Overloading and Truck Accidents

I recently represented a family for the death of their husband and father due to a truck that was overweight and had no brakes. When I think about overloaded trucks, I am also struck by a case that I handled a few years ago in which gasoline tankers were routinely permitted to leave the fuel-up area with weights in excess of 80,000 pounds.

Commercial trucks are limited to carrying 20,000 pounds per axle or 34,000 pounds per tandem axle, and are not to weigh greater than 80,000 pounds total. However, Federal Motor Carrier Safety Administration (FMCSA) ) rules and regulations allow individual states to set weight and size limit provisions for commercial trucks that exceed the limits the FMSCA puts forth. States are also responsible for enforcing those provisions and the overwhelming nature of that task combined with some outright negligence leads to ineffective enforcement and conditions that contribute to the number of truck accidents on our highways.

In order to meet demanding delivery schedules and to increase profits, trucking companies and truckers routinely load vehicles with cargo that far exceeds the weight limits allowed by law. Overloading places enormous stress on a big rig. The engine must work harder, brakes are taxed beyond their limit and can fail, suspension systems can be compromised, and tires are more likely to experience blowouts. Overloading leaves a truck unable to maneuver properly, especially when turning or stopping, and larger loads are more likely to shift in transit, often resulting in an overturned truck.

Enforcement of weight limits falls to states. You’ve probably seen the weigh stations along the highway – some at random intervals, others at state lines. In a perfect world, all commercial vehicles travelling on our roads would be weighed and inspected at these stations, and trucks found to be in violation of any safety laws, such as trucks with malfunctioning brakes or overloaded trucks, would be taken off the road until the violation was corrected. But that is not what happens.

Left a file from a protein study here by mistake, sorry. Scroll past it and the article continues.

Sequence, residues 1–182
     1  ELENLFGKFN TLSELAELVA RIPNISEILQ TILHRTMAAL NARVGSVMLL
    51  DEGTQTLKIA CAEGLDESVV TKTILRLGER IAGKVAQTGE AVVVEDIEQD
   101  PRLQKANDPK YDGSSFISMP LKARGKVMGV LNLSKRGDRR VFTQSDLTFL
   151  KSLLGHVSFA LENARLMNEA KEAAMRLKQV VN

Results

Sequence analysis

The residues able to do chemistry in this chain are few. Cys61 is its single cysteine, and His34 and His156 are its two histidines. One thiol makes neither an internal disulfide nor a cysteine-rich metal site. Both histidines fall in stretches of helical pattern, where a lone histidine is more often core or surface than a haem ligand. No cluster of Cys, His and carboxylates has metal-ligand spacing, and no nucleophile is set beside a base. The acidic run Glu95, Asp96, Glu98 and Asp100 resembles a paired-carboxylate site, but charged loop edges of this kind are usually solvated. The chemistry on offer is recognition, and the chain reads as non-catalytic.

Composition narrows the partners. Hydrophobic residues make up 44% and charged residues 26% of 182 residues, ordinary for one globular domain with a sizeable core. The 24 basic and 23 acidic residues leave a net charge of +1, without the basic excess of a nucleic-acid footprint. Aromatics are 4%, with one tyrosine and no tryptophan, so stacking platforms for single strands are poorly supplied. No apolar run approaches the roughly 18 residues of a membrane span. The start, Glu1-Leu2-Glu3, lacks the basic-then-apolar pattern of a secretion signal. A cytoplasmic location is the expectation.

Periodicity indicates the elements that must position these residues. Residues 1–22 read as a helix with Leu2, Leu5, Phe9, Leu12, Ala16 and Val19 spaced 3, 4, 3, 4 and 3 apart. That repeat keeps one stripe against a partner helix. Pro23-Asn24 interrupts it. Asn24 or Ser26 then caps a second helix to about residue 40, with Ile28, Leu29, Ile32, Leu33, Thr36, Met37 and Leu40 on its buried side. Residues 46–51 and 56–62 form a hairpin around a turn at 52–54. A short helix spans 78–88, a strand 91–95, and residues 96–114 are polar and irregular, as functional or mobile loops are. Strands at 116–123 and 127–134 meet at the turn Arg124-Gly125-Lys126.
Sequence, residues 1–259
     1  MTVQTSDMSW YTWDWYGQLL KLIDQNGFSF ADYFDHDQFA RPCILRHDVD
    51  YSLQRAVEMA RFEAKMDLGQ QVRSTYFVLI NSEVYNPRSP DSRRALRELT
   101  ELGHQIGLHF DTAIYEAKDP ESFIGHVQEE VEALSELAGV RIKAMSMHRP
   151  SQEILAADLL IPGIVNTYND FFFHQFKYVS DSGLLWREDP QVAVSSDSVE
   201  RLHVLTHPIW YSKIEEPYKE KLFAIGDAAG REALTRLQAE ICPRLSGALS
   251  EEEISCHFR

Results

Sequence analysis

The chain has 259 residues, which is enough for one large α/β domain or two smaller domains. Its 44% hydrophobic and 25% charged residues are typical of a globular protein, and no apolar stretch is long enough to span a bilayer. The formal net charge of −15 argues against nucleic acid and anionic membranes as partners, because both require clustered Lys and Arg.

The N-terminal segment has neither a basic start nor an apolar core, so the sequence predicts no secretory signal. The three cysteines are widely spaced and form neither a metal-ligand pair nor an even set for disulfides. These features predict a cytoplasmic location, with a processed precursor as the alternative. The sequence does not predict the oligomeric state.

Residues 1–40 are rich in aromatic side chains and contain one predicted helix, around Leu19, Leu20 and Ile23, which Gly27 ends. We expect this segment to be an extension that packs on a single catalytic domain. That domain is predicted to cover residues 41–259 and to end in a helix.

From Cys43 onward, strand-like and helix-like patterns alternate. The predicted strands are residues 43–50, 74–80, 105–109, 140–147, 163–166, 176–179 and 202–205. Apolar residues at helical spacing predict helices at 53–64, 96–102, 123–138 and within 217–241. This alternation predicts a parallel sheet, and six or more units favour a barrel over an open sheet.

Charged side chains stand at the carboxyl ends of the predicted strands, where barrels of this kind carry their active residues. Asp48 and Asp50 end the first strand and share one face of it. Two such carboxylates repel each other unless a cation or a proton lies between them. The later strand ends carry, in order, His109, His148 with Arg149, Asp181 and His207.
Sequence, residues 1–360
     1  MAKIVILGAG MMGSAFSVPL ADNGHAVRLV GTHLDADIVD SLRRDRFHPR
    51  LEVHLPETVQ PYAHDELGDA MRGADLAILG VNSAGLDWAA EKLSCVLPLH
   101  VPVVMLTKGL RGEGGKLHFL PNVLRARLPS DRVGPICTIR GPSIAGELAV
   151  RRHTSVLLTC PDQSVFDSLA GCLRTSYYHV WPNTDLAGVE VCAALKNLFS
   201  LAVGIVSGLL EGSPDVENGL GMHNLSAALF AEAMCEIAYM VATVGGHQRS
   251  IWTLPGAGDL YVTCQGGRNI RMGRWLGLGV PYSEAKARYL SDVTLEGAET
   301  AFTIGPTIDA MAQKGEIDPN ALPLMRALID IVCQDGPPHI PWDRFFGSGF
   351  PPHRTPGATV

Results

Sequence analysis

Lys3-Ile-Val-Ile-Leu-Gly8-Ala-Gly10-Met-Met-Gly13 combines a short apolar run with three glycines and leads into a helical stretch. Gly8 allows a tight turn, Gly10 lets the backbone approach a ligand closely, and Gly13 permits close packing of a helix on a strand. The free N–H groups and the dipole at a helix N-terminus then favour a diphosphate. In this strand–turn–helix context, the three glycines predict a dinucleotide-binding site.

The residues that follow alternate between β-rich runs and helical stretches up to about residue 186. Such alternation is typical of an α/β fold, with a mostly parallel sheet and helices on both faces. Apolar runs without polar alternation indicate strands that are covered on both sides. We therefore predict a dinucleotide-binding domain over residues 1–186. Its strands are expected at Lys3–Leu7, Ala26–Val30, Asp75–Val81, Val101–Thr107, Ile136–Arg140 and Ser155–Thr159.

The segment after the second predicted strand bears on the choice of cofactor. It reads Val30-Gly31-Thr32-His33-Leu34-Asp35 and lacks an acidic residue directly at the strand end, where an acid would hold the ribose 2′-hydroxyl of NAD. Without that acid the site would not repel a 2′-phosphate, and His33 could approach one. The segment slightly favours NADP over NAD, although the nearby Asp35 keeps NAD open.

A report by International Road Dynamics, Inc. studying the impact of overloaded commercial trucks on highway infrastructure stated that “overweight trucks pose a safety hazard to the travelling public” and went on to discuss the inability or failure of highway agencies to enforce weight and size laws governing commercial trucks. The report describes methods of weigh station avoidance commonly employed by truckers. Some truck operators avoid the stations by using an alternative route, sometimes driving up to 160 miles out of their way to avoid a weigh station when they know that they are in violation. Truckers in Virginia and Idaho were observed avoiding weigh stations by “running” or “plugging” the stations – purposely driving in large convoys of trucks in order to exceed the ramp capacity of the station. Drivers who knew their trucks to be in violation of weight limits would drive at the rear of the convoys so that when they arrived at the weigh station it would already be filled and temporarily closed allowing them to speed past. The study states that, “over 38% of the vehicles that were running by the station as a result of these convoys were shown to be overloaded.” It goes on to note that, “as many as 70% of overloaded trucks also were in violation of motor carrier safety and driver regulations.” Overloaded trucks were found to be three times as likely to be in violation of safety regulations compared to general truck traffic.

And even when weigh stations or random roadside inspections catch violators, the result is often nothing more than a ticket or the issuance of an overweight truck permit. In some cases logbooks are even forged.

Of course, overweight trucks are extremely dangerous. Tire blowouts, poor maneuverability, overturning, and brake failure are just a few of the hazards caused by negligent or deliberate overloading. Public safety depends upon the enforcement of existing laws and perhaps the enactment of new laws. But as long as trucking companies, loaders, drivers and the government agencies charged with enforcing regulations continue to allow these trucks on the road, they must be held responsible for the results of their actions.

In my work as a truck accident lawyer, I make sure to always find weight receipts and look at a truck company’s weight records.

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